US 4089979 A
Liquid compositions, such as animal feeds, feed additives, mineral supplements and preservatives for hay, silage, grain, include a thixotropic agent, such as a hydrophilic colloid, which causes the compositions to form pseudoplastic, thixotropic gels and as an active ingredient urea, urea phosphate, phosphoric acid or mixtures thereof.
1. An animal feed supplement composition suitable for animal feedstuffs, animal feed additives, and animal mineral supplements comprising a nitrogen-containing active ingredient selected from the group consisting of urea, urea-phosphate and mixtures thereof and a phosphorus-containing active ingredient selected from the group consisting of phosphoric acid, urea-phosphate and mixtures thereof, in admixture with a thixotropic agent of a copolymer of methylvinyl ether and maleic anhydride, said thixotropic agent being present in an amount such that, in the presence of added water and molasses the composition forms a pseudoplastic thixotropic gel having a viscosity in excess of 10 poise and containing between 0.2 and 3% of the said thixotropic agent by weight of the gel.
2. A composition as claimed in claim 1, comprising the nitrogen containing active ingredient in the form of a dry solid premixed with the dry thixotropic agent.
3. A composition as claimed in claim 1, comprising both active ingredients in the form of a concentrated solution, dispersion, emulsion or suspension premixed with the thixotropic agent.
4. A composition as claimed in claim 1 which is rendered free-flowing by shaking or pressure.
This is a continuation of application Ser. No. 370,790 filed June 18, 1973 and now abandoned.
The present invention relates to improvements in or relating to the formulation of liquid feeds, feed additives and mineral supplements for animals, and preservatives for silage, hay and grain.
It is well-known that there are difficulties in formulating satisfactory liquid feeds for animals. For example:
A. The liquid feed must be viscous enough to stick on a ball or roller type dispenser, and yet be sufficiently free flowing to be poured into a feeder from a tanker or drum.
B. At the present time, the correct viscosity is usually achieved by the use of molasses. This is an unsatisfactory answer to the problem, since the molasses tends to ferment, and this can only be prevented by the use of costly preservatives and,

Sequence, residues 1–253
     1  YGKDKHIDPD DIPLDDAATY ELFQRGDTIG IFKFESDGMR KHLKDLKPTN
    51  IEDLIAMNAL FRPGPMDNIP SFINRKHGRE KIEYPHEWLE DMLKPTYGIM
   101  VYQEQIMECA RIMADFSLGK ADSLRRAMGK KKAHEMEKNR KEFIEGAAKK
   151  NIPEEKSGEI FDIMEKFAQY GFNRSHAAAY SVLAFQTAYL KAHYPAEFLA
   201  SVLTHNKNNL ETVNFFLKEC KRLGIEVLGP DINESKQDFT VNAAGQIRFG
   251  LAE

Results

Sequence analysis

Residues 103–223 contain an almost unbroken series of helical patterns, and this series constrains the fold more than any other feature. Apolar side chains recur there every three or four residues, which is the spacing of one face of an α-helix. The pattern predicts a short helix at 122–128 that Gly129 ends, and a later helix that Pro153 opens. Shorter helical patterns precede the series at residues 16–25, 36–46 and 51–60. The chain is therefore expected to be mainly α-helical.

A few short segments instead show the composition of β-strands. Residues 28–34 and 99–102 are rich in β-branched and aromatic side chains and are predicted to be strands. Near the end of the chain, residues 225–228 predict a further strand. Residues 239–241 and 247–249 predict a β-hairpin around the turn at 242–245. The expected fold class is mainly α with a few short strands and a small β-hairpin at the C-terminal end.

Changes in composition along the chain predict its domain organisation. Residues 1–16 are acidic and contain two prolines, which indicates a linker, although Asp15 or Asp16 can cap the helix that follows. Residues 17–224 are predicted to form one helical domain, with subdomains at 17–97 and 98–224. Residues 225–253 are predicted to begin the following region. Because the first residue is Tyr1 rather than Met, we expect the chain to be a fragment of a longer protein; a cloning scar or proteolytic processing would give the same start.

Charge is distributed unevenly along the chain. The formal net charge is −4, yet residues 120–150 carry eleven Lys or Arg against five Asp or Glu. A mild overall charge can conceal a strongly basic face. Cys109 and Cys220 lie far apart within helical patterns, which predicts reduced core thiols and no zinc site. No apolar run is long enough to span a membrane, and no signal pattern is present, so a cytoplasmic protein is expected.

C. The mineral content of the feed tends to sediment out.
D. Formulation of a liquid feed requires the manufacture of a concentrated liquid premix, which must then be transported, sometimes over large distances, to blending sub-depots where the molasses is added. This minimises the opportunity for the molasses to ferment, but greatly increases transport costs.
These problems prompted us to search for possible thickening agents for liquid feeds and this, in turn, led us to examine the effect of incorporating small quantities of thixotropic agents in liquid feeds for animals. We found that this produces liquid feeds which gel on standing and are viscous, but which are rendered free-flowing by shaking or pressure. Further testing showed that it is possible to produce a dry premix containing the animal feed in powder form and a small quantity of a thixotropic agent which, upon mixing with a liquid e.g. water or a water-miscible liquid, produces a thixotropic liquid feed gel. Such a gel could be sold to farmers ready for use, or one could sell them the dry premix to which they merely have to add water. Another alternative would be to sell them a very concentrated gel to which they would merely have to add additional water. The latter alternative would probably be the most acceptable from the farmer's point of view if one or more of the ingredients of the feed is normally liquid, since he, himself, would have to add the liquid ingredient to the dry premix. Further tests have shown that feed additives, mineral supplements for animals and additives for silage, hay or grain can also be prepared in the form of similar thixotropic gels.